Stocks and Bonds Reflect Diverging Views
Despite several unfavorable global trade developments and continued concerns over domestic and international economic data, equity markets continued to advance with the S&P 500 Index registering its best first-half performance since 1997. Equity investors seem willing to overlook the economic slowdown and near-term trade tensions given expectations for future interest rate cuts by the Federal Reserve as well as anticipation of a delayed, but still positive outcome on the U.S.-China trade dispute.
Keeping with the recent trend, U.S. stocks outpaced both global and international equity indices with the S&P 500 Index advancing by 3.8%. Global stocks (MSCI All-Country World Index) posted a positive return of 3.4%, and international stocks (MSCI EAFE Index) rose by 2.5%.
Similar to the first quarter, bond performance was propelled by another sharp drop in interest rates. The Barclays U.S. Aggregate Bond Index advanced by 3.1% in the second quarter, bringing the year-to-date return close to 6%. Benign inflation readings and declining interest rates have resulted in fixed income returns that exceeded our expectations for the first half of 2019. However, for these performance results to continue at the same pace in the second half of the year, interest rates would need to fall to levels not registered since data started being recorded in the early 1960s. While that outcome is possible, it’s not one we want to adopt as our base case assumption.
Below is a summary of the quarterly performance results for the major indices we review in each quarterly MarketView.
After a surprisingly strong 3.1% GDP growth rate in the first quarter, the U.S. economy showed signs of a deceleration in the second quarter. Weak global growth and the confidence-shaking trade battle between the U.S. and China are the main contributors to the moderation in economic activity. Evidence of the broad-based economic deterioration has been reflected in weak manufacturing data, declining factory orders, as well as jobs gains and consumer retail sales that have generally fallen short of expectations.
Hopes and expectations are firmly centered on the Federal Reserve acting to reignite a slowing U.S. economy through monetary policy changes or more specifically, lowering interest rates. Time will tell how the Federal Reserve responds to economic conditions, but just as important is how participants in the real economy react to potential policy changes.
An alleviation of political policy uncertainties and geopolitical headwinds that are clouding business leaders’ ability to plan would also help to boost confidence levels and facilitate economic growth.
A mid-point equity allocation was maintained for the entirety of the second quarter. A few adjustments were made within equity allocations during the quarter. Large cap value exposure was slightly reduced in favor of large cap growth equities in order to more evenly balance the mix between those two categories. In addition, a few individual positions were eliminated due to prices reaching our fair value estimates. These holdings were replaced with positions where we have a more optimistic view on future upside potential.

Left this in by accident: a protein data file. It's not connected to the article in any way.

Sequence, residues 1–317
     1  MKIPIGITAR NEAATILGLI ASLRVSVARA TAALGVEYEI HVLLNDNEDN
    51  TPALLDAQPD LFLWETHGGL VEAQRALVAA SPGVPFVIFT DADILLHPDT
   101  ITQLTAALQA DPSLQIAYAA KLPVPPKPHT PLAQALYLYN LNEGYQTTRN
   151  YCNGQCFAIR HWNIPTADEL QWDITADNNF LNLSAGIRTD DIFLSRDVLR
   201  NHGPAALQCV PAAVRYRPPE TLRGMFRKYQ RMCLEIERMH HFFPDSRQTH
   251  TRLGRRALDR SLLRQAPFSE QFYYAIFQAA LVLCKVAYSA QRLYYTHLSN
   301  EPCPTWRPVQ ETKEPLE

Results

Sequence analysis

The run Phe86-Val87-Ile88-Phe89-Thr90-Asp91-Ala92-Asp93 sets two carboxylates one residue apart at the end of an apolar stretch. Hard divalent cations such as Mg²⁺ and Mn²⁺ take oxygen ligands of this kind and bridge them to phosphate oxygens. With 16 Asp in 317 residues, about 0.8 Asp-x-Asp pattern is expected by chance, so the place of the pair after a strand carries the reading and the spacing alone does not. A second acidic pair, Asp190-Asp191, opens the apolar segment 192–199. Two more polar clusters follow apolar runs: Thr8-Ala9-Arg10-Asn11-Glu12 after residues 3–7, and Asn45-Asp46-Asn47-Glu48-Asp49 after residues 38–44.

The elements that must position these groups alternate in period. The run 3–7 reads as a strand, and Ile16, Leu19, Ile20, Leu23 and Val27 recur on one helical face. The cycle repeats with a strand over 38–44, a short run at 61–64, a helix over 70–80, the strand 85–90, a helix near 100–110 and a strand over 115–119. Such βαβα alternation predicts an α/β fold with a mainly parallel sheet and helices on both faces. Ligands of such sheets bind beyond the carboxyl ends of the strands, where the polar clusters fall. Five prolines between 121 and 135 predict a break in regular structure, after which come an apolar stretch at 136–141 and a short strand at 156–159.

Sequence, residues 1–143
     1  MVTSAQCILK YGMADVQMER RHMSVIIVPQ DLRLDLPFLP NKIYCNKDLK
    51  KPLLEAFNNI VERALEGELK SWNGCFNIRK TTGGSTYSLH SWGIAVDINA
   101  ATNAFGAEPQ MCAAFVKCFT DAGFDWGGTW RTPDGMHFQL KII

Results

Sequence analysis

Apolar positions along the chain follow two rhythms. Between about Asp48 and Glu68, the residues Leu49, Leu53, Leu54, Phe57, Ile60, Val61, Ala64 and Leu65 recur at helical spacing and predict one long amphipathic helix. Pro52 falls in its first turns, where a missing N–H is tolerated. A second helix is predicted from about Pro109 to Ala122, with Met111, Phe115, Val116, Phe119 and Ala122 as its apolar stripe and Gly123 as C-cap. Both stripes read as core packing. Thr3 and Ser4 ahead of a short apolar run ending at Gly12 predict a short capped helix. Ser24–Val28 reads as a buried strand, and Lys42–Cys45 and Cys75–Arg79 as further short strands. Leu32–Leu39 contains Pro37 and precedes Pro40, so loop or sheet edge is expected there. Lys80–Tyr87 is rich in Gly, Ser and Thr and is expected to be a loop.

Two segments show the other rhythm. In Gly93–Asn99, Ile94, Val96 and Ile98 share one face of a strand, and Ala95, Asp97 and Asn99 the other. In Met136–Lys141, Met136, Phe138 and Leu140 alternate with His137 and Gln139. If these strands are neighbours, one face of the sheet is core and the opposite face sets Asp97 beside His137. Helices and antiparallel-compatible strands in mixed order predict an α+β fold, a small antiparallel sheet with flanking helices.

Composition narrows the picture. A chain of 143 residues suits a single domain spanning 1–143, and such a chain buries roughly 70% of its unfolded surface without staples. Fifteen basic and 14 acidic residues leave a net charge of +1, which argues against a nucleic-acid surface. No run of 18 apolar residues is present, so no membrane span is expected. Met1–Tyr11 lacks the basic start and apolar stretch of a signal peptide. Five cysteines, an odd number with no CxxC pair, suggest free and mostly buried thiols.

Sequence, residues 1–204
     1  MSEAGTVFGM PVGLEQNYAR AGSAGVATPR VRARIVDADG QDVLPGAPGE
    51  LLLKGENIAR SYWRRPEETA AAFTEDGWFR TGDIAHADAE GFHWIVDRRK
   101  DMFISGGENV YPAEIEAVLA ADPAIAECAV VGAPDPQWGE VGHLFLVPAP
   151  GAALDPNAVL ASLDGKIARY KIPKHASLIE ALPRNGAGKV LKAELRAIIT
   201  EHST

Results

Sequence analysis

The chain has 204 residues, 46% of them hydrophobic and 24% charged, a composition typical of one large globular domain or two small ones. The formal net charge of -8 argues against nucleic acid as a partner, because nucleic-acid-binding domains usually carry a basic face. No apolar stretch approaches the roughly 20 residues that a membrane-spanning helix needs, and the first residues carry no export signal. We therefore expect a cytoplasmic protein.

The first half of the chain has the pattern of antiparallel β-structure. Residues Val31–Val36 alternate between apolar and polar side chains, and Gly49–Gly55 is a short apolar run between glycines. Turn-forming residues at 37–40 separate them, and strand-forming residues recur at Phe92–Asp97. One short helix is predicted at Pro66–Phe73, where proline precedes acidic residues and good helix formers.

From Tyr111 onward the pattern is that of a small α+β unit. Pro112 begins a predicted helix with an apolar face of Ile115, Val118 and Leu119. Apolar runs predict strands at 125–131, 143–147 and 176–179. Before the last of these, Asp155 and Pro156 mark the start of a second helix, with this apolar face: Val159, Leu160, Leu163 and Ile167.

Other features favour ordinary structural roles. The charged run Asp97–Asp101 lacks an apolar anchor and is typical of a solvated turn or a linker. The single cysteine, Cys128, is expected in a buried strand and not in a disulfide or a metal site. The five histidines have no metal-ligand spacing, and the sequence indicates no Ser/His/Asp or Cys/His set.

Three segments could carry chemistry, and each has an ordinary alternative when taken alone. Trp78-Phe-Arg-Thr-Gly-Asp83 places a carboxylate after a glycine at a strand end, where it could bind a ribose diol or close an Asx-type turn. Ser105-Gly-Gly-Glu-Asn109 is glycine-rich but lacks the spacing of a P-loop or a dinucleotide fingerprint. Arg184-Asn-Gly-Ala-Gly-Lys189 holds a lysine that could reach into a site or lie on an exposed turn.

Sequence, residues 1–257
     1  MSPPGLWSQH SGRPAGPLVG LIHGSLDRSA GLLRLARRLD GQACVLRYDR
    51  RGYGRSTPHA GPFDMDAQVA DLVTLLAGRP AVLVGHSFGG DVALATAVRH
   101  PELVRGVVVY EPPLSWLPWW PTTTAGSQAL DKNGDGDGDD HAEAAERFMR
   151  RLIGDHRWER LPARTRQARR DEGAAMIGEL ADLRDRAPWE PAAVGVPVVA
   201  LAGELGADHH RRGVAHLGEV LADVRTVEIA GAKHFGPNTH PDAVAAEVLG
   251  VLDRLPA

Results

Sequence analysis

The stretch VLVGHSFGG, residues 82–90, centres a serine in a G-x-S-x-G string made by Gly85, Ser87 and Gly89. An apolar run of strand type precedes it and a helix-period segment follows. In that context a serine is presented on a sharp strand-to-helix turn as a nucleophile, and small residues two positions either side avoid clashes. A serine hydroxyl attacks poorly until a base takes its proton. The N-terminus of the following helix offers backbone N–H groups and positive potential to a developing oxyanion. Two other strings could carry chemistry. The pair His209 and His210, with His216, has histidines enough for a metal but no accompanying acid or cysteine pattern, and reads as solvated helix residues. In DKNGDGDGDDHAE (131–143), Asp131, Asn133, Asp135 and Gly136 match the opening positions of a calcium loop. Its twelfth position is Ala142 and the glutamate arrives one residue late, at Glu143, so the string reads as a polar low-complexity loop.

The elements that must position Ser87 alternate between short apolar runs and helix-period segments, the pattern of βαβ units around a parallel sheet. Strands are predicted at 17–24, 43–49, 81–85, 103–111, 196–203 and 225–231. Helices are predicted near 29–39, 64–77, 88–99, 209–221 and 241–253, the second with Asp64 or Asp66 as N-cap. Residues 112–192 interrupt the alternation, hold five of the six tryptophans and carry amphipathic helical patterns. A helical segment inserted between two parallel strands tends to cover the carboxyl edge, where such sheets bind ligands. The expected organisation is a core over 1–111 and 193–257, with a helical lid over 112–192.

After adding to our core bond holdings in the first quarter, no major changes were made to fixed income allocations this quarter. Given the significant drop in interest rates and less enticing bond yields, we are in the process of consolidating some fixed income exposure into ultra-short-term bonds that could be utilized as a funding source for more attractive opportunities outside of low-yielding core bonds.
Portfolio returns were bolstered by a continuation of the equity market rally and broad-based strength within the fixed income segments of portfolios.
While our fixed income strategies performed well in the quarter, most did not keep pace with longer duration bond proxies such as the Barclays U.S. Aggregate Bond Index. Our fixed income approach results in higher income levels and less interest rate risk than intermediate or long maturity bond strategies. However, periods of rapid and dramatic interest rate declines are not as beneficial for our fixed income positioning as it is for longer maturity bonds which are more sensitive to interest rate movements.
It’s difficult to recall a time when the stock market and the bond market reflected such different views of the world. The S&P 500 Index has advanced 26% from the low registered in the fourth quarter of 2018 and ended the second quarter perched near all-time highs. Equity investors seem confident that accommodative monetary policy from the Fed and other global central banks will extend the economic expansion and support equity valuations. A positive and timely resolution to various trade disputes is also a key component of the bulls’ thesis.